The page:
Monday, June 13, 2005

RFID Tags and Privacy

Ted Koppel, in his NY Times op-ed today, writes about the threats to personal privacy from various technologies of convenience. One of his major concerns is the liberal use of RFID tags for various applications -- tags on cars to collect tolls, passport tags for remote reading and tags on pets to track them down when lost.

While some of his concerns are well-founded, I find that the threat of others is exaggerated. Personally, I see no reason to worry that much about RFID tags on cars that help track toll-bridge crossings. True, the toll collectors could find out which car was where when by looking at the logs, but it's not like all that is fundamentally private information otherwise. For example, I make liberal use of my credit card, thus allowing my bank to know exactly where I was when spending all that money throughout the month. That doesn't make me start buying things with cash instead. Moreover, I could always purchase "pre-paid" RFID tags anonymously by paying cash and use such a tag in my car. So, the tracker cannot link the tag ID to my name (although he could correlate multiple trips of mine).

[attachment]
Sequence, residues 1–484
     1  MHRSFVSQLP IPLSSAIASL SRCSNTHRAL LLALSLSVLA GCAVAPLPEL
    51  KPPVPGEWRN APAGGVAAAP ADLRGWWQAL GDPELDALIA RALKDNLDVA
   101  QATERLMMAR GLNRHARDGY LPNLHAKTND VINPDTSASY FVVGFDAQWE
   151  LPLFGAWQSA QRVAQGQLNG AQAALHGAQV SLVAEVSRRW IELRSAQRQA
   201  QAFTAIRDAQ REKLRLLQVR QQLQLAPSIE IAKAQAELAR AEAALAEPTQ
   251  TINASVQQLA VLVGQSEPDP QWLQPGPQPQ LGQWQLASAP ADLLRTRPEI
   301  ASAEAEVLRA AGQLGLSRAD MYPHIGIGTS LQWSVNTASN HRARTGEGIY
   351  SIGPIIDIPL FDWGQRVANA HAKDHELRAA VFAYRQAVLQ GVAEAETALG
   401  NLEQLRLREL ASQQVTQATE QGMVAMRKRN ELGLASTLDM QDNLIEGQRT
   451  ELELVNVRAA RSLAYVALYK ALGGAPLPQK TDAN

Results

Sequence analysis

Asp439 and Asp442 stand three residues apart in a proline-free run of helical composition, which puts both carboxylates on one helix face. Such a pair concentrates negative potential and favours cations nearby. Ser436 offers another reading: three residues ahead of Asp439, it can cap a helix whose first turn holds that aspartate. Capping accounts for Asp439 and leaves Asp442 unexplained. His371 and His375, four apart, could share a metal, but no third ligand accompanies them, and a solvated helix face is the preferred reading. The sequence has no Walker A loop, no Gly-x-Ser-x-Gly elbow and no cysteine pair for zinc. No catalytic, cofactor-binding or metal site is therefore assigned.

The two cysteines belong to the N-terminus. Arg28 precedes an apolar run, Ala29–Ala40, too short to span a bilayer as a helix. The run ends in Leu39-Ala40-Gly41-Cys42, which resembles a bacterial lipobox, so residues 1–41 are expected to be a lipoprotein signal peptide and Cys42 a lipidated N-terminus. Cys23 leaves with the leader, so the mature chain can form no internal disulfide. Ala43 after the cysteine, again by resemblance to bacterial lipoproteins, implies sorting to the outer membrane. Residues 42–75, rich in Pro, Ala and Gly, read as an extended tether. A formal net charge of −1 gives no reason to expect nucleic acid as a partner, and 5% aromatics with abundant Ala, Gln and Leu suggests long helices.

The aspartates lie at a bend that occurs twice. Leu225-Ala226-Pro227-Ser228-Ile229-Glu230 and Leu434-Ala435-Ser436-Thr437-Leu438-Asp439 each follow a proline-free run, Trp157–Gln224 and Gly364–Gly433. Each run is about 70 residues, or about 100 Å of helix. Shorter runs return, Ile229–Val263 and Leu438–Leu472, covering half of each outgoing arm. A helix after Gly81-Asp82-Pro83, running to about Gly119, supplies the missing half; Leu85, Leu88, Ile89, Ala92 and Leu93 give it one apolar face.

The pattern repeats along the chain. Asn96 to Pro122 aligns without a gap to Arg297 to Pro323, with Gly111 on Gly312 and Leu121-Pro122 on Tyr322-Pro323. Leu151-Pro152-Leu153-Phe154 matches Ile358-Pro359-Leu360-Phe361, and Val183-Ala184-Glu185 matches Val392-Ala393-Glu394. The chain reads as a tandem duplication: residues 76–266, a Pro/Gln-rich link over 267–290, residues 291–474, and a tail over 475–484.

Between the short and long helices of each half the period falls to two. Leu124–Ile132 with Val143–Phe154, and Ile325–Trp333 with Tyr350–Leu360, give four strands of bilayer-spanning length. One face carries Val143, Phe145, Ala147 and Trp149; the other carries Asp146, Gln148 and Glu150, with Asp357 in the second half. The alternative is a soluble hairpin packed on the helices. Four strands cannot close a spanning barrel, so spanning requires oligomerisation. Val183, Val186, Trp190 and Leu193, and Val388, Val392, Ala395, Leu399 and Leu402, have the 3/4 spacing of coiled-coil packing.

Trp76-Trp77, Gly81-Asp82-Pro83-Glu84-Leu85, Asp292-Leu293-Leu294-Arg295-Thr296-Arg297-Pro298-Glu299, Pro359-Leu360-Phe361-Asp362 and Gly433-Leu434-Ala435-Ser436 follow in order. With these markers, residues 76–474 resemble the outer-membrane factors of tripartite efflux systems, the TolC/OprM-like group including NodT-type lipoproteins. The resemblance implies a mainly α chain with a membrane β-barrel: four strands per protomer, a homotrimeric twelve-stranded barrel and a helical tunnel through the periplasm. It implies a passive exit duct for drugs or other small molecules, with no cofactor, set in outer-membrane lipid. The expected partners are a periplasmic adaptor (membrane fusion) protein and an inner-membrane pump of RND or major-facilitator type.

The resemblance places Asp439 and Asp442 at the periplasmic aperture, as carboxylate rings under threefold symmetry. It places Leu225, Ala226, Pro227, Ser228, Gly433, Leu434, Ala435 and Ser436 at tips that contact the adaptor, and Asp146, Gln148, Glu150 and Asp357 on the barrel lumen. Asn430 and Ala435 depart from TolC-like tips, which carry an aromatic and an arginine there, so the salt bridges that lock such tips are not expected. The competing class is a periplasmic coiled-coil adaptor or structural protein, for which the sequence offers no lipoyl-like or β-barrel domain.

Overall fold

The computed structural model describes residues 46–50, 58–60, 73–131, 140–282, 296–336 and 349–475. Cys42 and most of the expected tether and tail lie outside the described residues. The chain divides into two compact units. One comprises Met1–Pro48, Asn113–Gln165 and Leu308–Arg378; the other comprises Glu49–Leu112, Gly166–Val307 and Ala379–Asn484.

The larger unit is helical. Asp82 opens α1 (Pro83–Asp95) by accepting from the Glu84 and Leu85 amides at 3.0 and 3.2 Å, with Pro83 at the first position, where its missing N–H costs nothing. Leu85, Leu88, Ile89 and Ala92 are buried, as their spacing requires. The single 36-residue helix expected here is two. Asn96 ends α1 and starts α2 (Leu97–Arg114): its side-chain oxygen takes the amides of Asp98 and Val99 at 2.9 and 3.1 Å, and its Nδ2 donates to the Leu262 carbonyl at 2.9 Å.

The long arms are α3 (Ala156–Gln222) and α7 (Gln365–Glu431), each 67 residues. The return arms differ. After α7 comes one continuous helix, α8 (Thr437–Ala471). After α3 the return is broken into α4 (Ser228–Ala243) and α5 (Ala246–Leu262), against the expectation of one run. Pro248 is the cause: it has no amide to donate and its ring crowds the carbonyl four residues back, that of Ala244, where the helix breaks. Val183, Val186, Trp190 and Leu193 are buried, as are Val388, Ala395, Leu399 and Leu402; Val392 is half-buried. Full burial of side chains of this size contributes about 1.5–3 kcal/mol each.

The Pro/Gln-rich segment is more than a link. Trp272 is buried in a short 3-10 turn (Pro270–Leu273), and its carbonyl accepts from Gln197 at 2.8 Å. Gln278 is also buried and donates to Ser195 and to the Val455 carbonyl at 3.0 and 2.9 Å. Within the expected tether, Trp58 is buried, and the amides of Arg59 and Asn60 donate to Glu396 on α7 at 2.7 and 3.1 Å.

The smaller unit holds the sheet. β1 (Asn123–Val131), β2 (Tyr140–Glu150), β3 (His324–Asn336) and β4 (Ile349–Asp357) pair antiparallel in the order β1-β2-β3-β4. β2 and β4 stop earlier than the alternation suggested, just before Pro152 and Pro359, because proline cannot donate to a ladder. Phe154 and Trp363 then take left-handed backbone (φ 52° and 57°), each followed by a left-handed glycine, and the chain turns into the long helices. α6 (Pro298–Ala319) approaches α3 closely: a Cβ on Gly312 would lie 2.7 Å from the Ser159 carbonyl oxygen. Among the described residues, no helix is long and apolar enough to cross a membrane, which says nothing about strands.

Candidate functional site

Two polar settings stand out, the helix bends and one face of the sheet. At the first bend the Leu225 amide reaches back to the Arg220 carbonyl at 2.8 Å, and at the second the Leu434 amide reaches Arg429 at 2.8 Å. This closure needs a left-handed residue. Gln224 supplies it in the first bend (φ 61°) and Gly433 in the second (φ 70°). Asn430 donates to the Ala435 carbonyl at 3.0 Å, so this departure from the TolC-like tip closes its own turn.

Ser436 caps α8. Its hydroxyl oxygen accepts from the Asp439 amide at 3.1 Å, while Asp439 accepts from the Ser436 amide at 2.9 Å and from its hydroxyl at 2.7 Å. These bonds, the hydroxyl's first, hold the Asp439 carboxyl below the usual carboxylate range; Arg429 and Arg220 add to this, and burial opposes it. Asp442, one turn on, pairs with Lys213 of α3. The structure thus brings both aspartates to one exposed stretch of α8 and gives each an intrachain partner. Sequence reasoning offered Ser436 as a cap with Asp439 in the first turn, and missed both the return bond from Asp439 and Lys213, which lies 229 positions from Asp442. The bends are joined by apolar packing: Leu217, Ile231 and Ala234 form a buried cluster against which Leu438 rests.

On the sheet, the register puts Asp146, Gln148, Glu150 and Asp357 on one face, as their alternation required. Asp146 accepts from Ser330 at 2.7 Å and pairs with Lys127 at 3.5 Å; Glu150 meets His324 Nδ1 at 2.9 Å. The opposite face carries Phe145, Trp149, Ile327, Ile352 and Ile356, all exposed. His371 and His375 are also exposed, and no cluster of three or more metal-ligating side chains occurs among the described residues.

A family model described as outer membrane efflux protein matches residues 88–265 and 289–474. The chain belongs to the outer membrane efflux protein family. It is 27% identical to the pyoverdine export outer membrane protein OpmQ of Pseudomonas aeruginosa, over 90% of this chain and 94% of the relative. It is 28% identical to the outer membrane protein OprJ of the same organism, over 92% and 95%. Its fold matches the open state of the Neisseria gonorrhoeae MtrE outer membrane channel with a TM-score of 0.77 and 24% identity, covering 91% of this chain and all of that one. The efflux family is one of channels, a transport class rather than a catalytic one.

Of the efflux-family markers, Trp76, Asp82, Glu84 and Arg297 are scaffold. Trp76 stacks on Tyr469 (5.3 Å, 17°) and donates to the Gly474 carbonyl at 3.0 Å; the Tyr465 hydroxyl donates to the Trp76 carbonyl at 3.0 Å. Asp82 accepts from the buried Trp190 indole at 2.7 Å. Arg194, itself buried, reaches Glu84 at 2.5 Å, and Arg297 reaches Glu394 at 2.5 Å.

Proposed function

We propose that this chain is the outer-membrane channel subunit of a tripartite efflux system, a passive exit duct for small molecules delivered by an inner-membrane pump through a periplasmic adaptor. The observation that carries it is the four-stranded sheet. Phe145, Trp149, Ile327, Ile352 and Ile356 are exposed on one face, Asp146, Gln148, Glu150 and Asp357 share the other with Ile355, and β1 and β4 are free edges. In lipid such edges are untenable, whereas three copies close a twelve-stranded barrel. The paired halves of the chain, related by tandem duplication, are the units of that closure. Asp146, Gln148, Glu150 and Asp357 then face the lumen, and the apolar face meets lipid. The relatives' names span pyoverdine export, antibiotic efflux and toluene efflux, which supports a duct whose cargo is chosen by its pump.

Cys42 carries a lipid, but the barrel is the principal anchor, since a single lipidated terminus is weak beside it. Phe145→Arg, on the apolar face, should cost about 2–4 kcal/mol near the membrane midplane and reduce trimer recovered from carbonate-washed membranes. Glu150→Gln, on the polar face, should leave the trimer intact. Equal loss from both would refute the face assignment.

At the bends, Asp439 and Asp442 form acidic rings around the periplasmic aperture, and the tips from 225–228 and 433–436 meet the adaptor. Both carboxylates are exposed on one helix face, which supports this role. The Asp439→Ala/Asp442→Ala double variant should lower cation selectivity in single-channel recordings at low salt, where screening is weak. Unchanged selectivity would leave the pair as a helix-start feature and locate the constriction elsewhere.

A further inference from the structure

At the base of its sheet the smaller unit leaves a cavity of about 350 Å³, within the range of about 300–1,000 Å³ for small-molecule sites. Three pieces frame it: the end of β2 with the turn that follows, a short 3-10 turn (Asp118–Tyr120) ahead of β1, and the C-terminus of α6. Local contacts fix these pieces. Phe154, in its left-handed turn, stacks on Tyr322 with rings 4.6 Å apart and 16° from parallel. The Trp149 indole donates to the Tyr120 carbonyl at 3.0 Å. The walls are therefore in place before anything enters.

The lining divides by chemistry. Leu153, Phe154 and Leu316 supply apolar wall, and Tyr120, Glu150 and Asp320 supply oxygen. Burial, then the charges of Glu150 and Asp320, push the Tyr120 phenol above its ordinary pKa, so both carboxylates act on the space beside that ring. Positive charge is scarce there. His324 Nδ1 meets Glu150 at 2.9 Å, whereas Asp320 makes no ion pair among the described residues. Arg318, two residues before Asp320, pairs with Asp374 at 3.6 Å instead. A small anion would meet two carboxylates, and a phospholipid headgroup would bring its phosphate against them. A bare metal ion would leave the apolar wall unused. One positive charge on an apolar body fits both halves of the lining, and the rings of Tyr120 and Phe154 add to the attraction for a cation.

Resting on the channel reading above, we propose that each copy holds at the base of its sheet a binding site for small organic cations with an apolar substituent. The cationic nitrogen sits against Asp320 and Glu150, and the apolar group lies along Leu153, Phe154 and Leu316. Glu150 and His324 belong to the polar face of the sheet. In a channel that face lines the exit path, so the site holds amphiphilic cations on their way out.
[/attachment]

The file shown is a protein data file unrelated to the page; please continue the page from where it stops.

On the other hand, RFID in passports seems like a bad idea. The only possible advantage of RFID over barcodes is that RFID doesn't require physical contact to be read. But there is probably no added convenience since people will still want to physically see my passport and verify that the photo on it looks like me. Worse still, there is a security headache of how to prevent snoopers from reading my RFID passport remotely. There is talk about how to cripple the set-up so that the passport is only readable at very short distances (see Ed Felten's old post here). But all this smacks of a NASA solution to a simple problem, as they might say in Primer. (The story goes that NASA did considerable R&D to develop a pen that could write in zero gravity. The Russians simply used a pencil.)


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